Queensland Consolidated Acts

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MENTAL HEALTH ACT 2016 - SECT 13

Meaning of less restrictive way

13 Meaning of less restrictive way

(1) For this Act, there is a
"less restrictive way" for a person to receive treatment and care for the person’s mental illness if, instead of receiving involuntary treatment and care, the person is able to receive the treatment and care that is reasonably necessary for the person’s mental illness in 1 of the following ways—
(a) if the person is a minor—with the consent of the minor’s parent;
(b) if the person has made an advance health directive—under the advance health directive;
(c) if a personal guardian has been appointed for the person—with the consent of the personal guardian;
(d) if an attorney has been appointed by the person—with the consent of the attorney;
(e) otherwise—with the consent of the person’s statutory health attorney.
Examples of when there may not be a less restrictive way for a person to receive the treatment and care that is reasonably necessary for the person’s mental illness
1 An advance health directive does not cover the matters that are clinically relevant or appropriate for the person’s treatment and care.
2 An advance health directive does not authorise the administration of the medications that are clinically necessary for the person’s treatment and care.
3 An attorney does not consent to the administration of the medications that are clinically necessary for the person’s treatment and care.
(2) In deciding whether there is a less restrictive way for a person to receive the treatment and care that is reasonably necessary for the person’s mental illness, a person performing a function or exercising a power under this Act must—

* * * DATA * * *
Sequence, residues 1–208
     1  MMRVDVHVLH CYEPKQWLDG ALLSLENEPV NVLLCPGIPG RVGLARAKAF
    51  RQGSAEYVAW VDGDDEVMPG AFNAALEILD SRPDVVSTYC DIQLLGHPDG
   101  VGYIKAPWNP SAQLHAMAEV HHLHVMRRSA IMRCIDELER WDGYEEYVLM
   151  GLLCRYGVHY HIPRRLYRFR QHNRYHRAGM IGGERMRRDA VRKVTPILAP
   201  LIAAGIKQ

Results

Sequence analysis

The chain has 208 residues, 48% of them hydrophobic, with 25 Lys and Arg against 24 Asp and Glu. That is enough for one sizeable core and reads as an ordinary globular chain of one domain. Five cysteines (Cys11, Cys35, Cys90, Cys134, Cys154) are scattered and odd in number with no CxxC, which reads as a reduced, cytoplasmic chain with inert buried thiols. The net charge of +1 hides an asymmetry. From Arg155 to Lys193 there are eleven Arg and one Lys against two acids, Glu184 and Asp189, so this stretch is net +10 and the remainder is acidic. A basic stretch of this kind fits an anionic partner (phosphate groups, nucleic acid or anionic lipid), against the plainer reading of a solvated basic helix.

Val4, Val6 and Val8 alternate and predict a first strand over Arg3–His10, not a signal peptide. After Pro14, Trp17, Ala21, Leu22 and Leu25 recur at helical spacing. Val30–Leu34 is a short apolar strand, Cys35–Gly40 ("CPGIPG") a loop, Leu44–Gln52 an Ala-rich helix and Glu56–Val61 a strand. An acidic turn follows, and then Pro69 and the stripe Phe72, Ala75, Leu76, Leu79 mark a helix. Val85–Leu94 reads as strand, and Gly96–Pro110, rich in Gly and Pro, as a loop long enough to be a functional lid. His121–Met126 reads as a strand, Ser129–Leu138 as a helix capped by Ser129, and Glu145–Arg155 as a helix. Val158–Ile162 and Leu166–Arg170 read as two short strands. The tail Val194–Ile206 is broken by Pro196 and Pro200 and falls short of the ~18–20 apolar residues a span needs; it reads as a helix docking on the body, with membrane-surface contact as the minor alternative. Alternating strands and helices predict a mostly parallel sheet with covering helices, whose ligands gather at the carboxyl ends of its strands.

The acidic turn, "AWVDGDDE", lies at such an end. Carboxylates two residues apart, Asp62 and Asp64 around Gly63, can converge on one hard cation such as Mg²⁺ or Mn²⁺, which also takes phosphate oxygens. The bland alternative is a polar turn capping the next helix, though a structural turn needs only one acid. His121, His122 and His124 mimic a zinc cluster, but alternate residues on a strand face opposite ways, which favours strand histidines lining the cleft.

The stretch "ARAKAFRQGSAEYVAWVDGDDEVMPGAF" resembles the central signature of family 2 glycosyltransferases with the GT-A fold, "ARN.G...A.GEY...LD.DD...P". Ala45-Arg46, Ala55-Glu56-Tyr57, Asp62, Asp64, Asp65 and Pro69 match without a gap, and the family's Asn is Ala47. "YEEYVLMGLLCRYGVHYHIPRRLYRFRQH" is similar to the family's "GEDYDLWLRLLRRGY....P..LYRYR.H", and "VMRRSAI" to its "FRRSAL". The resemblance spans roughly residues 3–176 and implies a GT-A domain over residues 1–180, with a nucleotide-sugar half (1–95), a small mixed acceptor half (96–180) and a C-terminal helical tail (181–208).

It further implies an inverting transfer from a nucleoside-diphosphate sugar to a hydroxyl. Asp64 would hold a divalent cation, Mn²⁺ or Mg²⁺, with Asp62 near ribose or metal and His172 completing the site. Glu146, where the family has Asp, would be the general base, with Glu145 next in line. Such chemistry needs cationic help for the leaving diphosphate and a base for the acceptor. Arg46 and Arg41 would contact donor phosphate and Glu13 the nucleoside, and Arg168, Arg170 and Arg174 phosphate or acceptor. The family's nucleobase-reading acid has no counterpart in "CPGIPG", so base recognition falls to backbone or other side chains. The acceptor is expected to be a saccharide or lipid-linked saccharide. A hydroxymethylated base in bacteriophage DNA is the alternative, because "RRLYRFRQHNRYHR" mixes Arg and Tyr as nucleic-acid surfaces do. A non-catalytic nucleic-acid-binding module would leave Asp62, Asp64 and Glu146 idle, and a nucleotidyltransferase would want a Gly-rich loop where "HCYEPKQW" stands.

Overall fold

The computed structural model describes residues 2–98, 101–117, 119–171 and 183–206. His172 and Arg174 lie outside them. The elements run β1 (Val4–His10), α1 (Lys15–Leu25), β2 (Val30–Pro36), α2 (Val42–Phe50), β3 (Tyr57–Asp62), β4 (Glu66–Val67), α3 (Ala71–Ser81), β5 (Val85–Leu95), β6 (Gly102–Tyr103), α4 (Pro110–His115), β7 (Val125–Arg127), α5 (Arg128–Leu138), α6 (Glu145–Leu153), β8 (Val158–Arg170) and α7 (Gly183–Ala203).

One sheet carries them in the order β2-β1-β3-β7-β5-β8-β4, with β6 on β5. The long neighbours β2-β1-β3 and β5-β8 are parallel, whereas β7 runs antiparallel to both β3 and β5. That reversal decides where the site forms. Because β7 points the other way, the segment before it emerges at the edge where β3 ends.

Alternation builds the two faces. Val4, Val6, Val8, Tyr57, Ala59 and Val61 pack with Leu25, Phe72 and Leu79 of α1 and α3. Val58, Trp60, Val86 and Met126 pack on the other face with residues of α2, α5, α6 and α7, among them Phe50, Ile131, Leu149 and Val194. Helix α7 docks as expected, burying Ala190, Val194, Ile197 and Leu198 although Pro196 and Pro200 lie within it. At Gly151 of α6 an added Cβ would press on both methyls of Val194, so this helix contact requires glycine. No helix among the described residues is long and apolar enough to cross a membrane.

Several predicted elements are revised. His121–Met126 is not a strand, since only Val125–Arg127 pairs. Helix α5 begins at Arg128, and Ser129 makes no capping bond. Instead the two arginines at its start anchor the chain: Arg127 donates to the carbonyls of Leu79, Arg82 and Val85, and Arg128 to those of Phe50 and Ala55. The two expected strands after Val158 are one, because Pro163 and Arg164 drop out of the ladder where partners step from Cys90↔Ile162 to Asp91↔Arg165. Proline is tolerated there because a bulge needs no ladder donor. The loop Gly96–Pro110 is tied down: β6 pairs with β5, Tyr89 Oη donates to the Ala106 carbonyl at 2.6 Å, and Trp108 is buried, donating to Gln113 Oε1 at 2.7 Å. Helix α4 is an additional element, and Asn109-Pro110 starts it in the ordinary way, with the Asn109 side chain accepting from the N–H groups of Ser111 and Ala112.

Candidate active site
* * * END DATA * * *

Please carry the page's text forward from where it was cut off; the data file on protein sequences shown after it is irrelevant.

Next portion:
(a) consider the ways mentioned in subsection (1) in the listed order set out in the subsection; and
(b) comply with the policy that must be made by the chief psychiatrist under section 305 (1) (a) about when it may not be appropriate for a person to receive treatment and care for the person’s mental illness under an advance health directive or with the consent of a personal guardian, attorney or statutory health attorney for the person.
(3) To remove any doubt, it is declared that this section does not limit the power of the public guardian to act as a statutory health attorney for a person under the Powers of Attorney Act 1998 .
(4) In this section—

"statutory health attorney" means the person’s statutory health attorney under the Powers of Attorney Act 1998 , section 63 (1) .



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